Cancer Patient Granted Wish to Visit Opry
- The Charleston Gazette ran a touching story on Christmas Eve about Steve Johnson, a 50-year old cancer patient who had fulfilled two of his three wishes. The last thing he wanted to do before he died was visit the Grand Ole Opry, something he didn’t think he was going to happen. While looking up information on the football situation at WVU Brad Paisley’s tour manager, Brent Long, came across the story. Johnson now has three tickets to the January 19th show at the Opry–the same night that Charlie Daniels will be inducted.
- Those in the Nashville area who are looking for a cheap ticket will want to consider the January 20th taping of the GAC Special How Great Thou Art: Gospel Favorites Live From the Grand Ole Opry. For $15, you can see performances by Trace Adkins, Dierks Bentley, Charlie Daniels, Vince Gill, Sara Evans, Loretta Lynn, Ronnie Milsap and Carrie Underwood.
- Some 2,000 employees of EMI are expected to be cut as part of a restructuring plan by Guy Hands, the owner who acquired the company last year. Reports reveal that money was being spent in excess by executives for mansions, decorating apartments and “fruits and flowers”, also known as booze, drugs, and women. Management alone was costing the company 100 million a year.
- After being originally scheduled for a February 5th release, Dolly Parton’s Backwoods Barbie has been delayed until late February/early March to coincide with her tour.
- One of our readers pointed out that the Category 5 Records (label of Travis Tritt and Sammy Kershaw) building–formerly owned by Roy Orbison and Ronnie Milsap–is on the market for a cool $1,975,000.
- John T. Davis compares George Strait to a sunrise, saying the he gives essentially the same performance that he crafted some 30-odd years ago. The particulars may vary somewhat, but the experience does not stale with repetition. Craig Shelburne muses that Strait doesn’t need the pyrotechnics of other stars, he simply walks in and that was enough for the packed-to-capacity crowd at the Frank Erwin Center in Austin.
- Scott Sexton profiles the career of Jack Greene and lists some of his top songs.
- The two cops accused by Steve Holy of holding a gun to the back of his head after a game of foosball have been fired. The former officers each face a misdemeanor charge of deadly conduct.
- Geoff Boucher says the people surrounding Shelby Lynne are pulsing with excitement that her breakthrough may be here. Her 10th studio album, Just a Little Lovin’, will be released on January 29th via Lost Highway Records. It’s a tribute to the late Dusty Springfield. Lynne, just 39 years-old, doesn’t like the modern obsession with technology.
“I am the youngest dinosaur, believe me,” the 39-year-old said while wandering through Amoeba. “I had an iPod but I am so over that, I’m done. I believe in vinyl. You have to dedicate yourself when you put a record on: You have to get up to turn it over. You can’t get up and walk around the yard. And the album covers — you can’t roll a joint on an iPod.”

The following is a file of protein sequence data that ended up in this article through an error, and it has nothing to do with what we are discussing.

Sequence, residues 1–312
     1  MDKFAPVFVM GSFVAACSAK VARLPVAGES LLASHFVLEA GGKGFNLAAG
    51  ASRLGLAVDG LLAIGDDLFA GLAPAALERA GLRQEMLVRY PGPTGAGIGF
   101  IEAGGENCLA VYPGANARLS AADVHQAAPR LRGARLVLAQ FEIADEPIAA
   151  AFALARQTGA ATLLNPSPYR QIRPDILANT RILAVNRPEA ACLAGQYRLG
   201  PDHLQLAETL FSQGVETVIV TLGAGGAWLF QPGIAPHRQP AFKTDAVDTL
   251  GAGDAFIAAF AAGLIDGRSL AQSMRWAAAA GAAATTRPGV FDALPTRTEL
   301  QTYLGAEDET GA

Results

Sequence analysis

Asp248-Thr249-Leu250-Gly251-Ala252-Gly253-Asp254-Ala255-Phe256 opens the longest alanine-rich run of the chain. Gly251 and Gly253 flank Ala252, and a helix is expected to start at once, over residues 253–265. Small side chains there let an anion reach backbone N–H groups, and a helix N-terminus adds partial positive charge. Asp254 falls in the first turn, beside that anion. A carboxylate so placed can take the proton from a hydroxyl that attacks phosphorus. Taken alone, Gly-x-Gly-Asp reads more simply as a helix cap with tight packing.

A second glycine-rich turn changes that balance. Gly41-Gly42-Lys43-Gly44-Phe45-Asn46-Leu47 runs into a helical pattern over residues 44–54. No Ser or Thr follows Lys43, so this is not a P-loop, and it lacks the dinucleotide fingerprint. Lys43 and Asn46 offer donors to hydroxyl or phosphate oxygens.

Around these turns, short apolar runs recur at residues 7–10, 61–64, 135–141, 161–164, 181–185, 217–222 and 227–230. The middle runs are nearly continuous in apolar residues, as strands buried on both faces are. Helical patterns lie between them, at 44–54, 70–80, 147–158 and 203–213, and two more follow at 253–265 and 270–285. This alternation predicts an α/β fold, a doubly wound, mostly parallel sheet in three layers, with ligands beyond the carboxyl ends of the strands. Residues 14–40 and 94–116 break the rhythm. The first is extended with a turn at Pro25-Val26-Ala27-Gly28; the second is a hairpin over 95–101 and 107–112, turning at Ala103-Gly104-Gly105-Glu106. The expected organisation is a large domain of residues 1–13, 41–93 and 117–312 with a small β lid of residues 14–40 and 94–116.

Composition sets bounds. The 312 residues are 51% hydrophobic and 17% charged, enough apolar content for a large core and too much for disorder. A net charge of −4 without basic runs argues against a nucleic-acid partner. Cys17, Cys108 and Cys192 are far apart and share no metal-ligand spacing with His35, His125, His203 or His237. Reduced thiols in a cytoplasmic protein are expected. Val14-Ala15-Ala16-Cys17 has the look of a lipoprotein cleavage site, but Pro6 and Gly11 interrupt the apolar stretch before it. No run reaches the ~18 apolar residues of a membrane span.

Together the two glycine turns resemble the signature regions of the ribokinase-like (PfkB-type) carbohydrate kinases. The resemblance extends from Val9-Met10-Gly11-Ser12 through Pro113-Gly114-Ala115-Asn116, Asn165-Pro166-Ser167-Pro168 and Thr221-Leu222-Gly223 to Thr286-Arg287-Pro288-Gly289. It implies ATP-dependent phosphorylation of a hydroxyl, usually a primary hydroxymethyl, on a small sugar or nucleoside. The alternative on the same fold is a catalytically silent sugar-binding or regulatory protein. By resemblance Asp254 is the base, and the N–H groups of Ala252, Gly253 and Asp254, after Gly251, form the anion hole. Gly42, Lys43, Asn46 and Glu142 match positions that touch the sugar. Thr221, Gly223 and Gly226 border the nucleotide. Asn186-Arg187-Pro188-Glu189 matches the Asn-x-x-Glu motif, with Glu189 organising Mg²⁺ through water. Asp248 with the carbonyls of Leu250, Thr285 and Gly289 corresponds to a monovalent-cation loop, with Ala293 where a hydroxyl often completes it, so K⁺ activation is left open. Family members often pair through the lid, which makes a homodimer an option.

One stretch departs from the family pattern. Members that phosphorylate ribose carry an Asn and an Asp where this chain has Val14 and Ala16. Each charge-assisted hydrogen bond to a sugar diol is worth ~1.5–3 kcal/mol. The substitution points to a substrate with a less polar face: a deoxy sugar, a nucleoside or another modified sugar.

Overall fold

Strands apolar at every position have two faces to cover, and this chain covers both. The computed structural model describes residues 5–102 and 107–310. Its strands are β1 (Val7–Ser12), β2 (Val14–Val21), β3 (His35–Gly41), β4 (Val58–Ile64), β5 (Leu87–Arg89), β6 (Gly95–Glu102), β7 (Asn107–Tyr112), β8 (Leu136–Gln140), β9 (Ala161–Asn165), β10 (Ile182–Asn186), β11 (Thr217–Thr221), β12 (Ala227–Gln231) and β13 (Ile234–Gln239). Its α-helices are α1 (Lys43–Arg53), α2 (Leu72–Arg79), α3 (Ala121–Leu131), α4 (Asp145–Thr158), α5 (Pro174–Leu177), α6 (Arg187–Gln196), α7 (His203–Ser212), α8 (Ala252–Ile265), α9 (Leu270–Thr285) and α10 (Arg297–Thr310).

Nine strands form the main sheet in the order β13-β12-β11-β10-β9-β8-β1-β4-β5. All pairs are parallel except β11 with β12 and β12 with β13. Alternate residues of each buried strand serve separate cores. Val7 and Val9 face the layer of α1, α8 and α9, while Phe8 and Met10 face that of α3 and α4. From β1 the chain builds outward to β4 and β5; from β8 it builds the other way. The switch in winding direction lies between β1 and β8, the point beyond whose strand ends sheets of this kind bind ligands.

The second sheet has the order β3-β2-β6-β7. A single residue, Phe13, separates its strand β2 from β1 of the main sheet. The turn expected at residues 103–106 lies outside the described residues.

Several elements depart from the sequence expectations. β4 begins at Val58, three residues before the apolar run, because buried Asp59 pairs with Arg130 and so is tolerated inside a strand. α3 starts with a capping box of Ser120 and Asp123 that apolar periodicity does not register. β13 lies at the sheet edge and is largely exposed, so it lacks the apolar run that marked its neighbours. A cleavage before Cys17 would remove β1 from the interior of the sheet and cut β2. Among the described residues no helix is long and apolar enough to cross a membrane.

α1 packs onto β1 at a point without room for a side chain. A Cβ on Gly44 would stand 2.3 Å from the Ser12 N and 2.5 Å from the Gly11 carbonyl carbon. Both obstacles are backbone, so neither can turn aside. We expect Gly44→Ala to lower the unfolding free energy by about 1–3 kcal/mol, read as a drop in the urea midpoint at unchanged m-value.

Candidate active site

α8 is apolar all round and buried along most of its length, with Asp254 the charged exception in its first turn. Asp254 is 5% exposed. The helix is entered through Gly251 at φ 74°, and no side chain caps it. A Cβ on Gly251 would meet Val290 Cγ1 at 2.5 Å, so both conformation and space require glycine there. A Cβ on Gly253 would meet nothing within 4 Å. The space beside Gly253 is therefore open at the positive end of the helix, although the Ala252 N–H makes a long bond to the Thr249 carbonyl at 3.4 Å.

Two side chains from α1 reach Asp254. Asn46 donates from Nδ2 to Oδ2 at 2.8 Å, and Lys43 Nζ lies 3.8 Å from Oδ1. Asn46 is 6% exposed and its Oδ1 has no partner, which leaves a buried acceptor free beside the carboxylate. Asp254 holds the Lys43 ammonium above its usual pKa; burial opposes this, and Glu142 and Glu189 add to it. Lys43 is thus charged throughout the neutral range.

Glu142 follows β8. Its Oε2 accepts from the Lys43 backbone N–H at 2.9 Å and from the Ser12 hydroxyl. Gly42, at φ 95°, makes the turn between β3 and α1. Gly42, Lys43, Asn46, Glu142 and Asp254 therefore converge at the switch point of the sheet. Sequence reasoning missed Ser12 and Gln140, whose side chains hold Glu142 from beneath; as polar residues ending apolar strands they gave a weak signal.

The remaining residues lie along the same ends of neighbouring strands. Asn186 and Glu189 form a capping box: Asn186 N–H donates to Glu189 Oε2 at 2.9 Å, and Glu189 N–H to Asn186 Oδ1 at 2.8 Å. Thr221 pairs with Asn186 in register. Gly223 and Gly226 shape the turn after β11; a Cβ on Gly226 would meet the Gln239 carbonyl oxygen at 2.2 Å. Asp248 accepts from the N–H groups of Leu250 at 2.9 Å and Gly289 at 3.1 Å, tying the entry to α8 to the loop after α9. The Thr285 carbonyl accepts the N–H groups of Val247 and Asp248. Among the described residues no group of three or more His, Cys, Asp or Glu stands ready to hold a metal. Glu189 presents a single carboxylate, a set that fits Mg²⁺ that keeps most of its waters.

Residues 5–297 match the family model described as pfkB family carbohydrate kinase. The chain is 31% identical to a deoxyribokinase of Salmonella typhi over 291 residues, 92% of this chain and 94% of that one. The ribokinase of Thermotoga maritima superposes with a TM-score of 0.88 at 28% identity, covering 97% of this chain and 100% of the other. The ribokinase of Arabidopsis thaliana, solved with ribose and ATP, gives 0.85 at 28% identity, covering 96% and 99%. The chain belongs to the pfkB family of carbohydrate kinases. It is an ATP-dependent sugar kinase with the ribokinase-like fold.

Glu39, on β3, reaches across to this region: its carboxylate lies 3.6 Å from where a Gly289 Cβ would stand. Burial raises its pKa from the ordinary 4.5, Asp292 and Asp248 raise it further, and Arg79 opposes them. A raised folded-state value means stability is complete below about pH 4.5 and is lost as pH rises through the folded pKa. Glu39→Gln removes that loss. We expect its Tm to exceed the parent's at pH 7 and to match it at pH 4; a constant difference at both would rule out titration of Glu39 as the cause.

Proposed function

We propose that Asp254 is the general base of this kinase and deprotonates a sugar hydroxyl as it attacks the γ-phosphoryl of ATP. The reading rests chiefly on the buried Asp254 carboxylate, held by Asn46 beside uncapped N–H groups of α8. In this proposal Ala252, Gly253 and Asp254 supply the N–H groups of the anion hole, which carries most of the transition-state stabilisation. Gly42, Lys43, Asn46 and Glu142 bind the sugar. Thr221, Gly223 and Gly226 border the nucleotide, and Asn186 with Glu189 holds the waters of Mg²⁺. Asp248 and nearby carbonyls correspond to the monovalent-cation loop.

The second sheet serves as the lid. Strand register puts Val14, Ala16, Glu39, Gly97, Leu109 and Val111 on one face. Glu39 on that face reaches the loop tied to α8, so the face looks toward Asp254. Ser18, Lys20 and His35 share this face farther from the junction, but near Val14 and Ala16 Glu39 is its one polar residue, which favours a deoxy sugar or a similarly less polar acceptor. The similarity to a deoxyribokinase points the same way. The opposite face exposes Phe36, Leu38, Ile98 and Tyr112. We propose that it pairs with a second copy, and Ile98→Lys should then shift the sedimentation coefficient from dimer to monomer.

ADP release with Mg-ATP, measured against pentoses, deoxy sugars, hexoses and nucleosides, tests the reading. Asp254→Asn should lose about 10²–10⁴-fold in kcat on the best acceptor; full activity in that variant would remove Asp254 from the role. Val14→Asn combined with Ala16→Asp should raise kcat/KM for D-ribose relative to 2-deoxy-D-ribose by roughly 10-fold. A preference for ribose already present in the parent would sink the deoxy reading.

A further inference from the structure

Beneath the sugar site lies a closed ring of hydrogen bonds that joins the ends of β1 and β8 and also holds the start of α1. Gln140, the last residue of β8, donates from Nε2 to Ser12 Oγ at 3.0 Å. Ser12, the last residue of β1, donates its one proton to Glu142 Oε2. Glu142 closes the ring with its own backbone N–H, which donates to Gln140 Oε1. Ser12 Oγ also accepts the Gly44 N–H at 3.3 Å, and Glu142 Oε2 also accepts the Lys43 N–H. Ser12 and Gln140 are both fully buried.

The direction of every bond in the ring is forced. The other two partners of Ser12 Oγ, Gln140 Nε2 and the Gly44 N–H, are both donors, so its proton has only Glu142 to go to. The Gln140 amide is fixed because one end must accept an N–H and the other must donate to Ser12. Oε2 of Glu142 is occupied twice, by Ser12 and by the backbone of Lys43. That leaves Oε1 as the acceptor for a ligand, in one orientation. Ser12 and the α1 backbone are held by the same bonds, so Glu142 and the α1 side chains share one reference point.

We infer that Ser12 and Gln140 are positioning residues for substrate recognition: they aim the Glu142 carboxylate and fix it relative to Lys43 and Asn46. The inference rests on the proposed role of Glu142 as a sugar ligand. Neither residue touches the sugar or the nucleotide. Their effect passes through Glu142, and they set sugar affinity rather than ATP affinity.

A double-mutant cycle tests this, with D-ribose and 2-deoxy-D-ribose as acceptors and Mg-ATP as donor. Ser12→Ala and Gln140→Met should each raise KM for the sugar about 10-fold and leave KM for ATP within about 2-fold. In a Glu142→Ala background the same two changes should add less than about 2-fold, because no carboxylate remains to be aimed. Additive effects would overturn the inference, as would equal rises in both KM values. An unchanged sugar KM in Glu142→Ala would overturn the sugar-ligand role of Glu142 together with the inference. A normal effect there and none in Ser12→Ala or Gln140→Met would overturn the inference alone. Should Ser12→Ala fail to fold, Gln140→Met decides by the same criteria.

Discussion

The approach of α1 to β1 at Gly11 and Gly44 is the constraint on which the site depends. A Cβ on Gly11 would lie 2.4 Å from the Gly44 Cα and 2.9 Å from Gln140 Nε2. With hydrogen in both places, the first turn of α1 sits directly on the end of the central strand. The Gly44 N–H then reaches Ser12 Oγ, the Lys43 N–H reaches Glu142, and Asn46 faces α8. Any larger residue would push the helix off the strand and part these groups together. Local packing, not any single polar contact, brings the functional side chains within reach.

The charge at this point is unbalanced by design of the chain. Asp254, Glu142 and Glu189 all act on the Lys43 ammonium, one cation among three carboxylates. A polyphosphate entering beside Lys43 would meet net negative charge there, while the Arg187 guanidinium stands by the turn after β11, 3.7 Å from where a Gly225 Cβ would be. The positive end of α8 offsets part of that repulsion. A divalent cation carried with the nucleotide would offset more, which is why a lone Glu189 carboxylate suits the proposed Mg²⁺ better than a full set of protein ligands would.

- Vinyl record sales were up 15% in 2007 to 990,000 units sold. No one expects it to become a mainstream format again, but if the demand is there it shouldn’t be alienated, either.
- 2008–the year of the buxom blond beauties.
- The stare down between the music industry and Apple continues on as one major label executive says he is prepared to keep selling songs with DRM through iTunes for up to a year to see if Amazon’s music service can take off without DRM protected songs.
- Tom T. Hall watched successful artists fall from grace at radio, spend all their money, and be forced to play country fairs for a living. He instead chose to plan his retirement, but he couldn’t give up writing country songs. Finding country singers to record those songs was a different story. So instead, he turned to bluegrass where he’s been happily accepted. He and his wife enjoy writing together. She says that he retires to bed early while she stays up writing another verse, and he says he wakes up to find she’s killed off the main character. Ah, bluegrass music at it’s best. (via Twang Nation)
- Free downloads: Eleven Hundred Springs – “Kick Me When I’m Down“; Dale Watson – “Whiskey or God“; Adam Hood – “Tuesday Night“; Wade Bowen – “Get Away“.
- Paul W Dennis: Tom T & Dixie Hall are good people and I wish them all the best through this difficult time
- Paul W Dennis: Actually , it is not. We have so thoroughly debased our language that it is no longer possible to praise …
- Leeann Ward: Sheesh, Paul, that's a random/strange dig!
- Jack Williams: After reading that New Yorker article, I canceled my pre-order of the Basement Tapes box set. I love Bob …
- Leeann Ward: Wow! How terrible for Dixie Hall and Tom.
- Ken Morton, Jr.: Another twisted collection of songs to put into the Friday Five Hall of Fame, Juli.
- Arlene: I'd have included "Omie Wise." Doc Watson's is the version I'm familiar with but I think it's been recorded by …
- luckyoldsun: I think the number one country murder ballad is "Frankie and Johnny"--by Jimmie. Also, how about "Delia's Gone" from Harry Belafonte …
- Juli Thanki: Colloquial use of "fantastic" as a synonym for "excellent" dates back to the 1930s. And if it's good enough for …
- Paul W Dennis: I think "Banks of The Ohio", "Miller's Cave" and "It's Nothing to Me" are far creepier than several of the …